It seems particularly important to know how to care for your basic needs when you have celiac disease.Autoimmune diseases, as a dear friend reminds me, make transitions and stresses treble, and that means where others require such-and-such amount of time to re-orient and rest during upheaval, if you have celiac -- or another digestive or immune-related disorder -- you need to double it.
No I don't! Oy, maybe I do.
One way to take that treble amount of time is to eat well. Another way is rest. Not one, or the other: BOTH.
These last few weeks, I've returned to grad school, moved, and started an additional project within the area, offering Pay What Can nutrition consults to underserved or underemployed kids and their families in the Boston area.
This be my I-AM-BLOODYJ-UST-FINE-shake -- which means my brain defies my needs, but I meet them anyway.
A good thing about a shake, for a celiac, is that it is easily prepared safely. I don't have to worry about cooking utensil. I don't have to unpack my own pots, nor utilize toasters or ovens that haven't been cleaned. I can wipe down a counter, toss things in my blender, and make the day a little smoother, when it feels shaky. And to be punny, I can can have a good shake on a shaky day.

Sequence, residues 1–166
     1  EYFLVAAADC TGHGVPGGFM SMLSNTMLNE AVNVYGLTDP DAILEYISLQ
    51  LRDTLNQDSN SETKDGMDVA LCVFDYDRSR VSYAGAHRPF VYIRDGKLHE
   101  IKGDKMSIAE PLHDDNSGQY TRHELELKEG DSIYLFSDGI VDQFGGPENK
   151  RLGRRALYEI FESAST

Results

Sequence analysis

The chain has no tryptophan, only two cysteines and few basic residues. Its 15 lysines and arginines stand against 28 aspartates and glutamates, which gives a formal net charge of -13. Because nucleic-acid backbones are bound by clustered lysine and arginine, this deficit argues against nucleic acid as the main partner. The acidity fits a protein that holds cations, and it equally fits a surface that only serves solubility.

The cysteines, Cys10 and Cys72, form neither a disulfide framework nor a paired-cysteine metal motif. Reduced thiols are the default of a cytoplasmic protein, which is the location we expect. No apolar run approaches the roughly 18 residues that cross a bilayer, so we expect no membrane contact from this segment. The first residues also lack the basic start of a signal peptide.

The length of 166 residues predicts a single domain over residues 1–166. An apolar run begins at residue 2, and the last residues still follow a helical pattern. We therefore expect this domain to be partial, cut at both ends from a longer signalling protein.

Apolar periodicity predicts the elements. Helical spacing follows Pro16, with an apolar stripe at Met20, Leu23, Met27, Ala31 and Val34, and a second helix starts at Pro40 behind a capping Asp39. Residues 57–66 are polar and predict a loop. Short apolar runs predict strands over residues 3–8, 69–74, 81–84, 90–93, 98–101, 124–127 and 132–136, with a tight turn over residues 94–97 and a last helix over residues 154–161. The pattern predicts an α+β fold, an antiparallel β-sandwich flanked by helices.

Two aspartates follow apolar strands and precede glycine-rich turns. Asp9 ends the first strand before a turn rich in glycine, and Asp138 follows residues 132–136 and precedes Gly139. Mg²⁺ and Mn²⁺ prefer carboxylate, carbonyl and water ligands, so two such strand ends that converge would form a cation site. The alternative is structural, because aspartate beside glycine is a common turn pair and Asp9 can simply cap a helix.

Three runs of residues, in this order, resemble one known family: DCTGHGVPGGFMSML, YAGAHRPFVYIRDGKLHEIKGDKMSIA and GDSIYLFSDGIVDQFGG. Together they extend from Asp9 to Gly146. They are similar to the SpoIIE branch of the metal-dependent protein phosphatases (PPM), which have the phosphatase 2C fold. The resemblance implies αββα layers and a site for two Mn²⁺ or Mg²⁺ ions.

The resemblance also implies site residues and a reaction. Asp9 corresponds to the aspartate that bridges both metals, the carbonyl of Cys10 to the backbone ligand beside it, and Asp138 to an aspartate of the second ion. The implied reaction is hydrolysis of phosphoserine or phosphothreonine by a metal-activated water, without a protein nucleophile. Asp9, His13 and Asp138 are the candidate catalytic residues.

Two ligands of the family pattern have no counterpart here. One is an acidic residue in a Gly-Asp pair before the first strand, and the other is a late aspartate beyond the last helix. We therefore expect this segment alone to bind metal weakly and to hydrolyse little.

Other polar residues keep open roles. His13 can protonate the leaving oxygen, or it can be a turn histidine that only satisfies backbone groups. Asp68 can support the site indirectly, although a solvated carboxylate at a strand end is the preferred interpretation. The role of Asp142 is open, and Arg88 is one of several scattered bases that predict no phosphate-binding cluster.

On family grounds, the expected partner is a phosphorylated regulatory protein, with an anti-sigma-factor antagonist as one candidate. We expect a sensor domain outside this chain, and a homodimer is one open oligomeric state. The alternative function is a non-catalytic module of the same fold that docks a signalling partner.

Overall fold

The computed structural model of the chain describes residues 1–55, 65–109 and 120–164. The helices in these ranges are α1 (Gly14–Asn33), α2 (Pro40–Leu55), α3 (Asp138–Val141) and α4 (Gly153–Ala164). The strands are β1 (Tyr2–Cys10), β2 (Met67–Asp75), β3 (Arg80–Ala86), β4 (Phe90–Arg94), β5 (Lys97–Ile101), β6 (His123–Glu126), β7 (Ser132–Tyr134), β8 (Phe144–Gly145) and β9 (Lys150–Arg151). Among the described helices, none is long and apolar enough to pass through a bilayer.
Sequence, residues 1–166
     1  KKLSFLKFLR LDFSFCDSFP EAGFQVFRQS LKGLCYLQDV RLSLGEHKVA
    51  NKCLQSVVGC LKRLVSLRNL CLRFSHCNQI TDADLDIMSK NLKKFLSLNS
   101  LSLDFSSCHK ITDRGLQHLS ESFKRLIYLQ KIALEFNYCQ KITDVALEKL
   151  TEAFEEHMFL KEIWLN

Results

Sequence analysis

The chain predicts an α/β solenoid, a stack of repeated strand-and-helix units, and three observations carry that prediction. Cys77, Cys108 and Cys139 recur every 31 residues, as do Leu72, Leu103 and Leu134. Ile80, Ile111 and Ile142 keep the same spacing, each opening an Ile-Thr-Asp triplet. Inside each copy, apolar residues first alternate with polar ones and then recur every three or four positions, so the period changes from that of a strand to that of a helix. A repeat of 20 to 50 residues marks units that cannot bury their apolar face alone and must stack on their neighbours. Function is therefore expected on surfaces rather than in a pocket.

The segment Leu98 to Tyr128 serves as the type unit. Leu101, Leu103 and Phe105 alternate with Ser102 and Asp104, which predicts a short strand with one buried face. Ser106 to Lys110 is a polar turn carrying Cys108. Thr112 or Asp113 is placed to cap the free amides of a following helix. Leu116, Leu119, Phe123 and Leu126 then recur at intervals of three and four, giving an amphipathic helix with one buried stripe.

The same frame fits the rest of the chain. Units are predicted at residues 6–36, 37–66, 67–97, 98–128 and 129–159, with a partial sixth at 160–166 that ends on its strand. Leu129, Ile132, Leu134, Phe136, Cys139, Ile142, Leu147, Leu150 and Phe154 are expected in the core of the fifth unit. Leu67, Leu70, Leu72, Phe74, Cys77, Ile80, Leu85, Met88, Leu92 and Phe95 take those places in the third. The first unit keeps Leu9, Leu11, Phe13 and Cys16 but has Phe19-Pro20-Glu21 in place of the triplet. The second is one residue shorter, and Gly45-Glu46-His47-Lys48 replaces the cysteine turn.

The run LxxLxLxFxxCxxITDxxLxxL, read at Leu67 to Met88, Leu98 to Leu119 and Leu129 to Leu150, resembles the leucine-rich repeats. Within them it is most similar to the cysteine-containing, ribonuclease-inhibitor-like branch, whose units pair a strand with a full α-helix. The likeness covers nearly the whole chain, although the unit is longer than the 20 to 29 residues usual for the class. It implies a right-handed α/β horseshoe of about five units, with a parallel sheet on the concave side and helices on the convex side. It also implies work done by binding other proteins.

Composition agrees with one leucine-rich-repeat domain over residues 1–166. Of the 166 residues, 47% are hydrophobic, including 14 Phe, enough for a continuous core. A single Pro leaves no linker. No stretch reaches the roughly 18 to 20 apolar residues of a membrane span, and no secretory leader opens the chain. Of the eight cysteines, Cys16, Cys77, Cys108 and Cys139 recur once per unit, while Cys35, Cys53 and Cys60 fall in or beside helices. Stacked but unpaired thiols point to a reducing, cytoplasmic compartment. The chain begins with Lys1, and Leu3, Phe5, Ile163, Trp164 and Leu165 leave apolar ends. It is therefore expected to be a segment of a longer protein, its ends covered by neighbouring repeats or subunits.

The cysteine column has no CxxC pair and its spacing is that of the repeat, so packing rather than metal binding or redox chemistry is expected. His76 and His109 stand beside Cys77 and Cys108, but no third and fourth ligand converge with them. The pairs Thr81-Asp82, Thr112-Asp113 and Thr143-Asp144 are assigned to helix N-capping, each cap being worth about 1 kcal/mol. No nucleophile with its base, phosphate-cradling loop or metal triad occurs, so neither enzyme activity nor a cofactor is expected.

....Shaky Day Shake
It works for kids too.
As I continue to address recurring celiac symptoms, it's also an excellent avenue for adding easily assimilated nutrition. I like to pour in a large dose of coconut milk, which makes it creamier still, dairy-free as well as gluten-free, since my gut doesn't do dairy either.
Shake this day off -- restfully -- with the recipe, and tumble free.
:: ingredients ::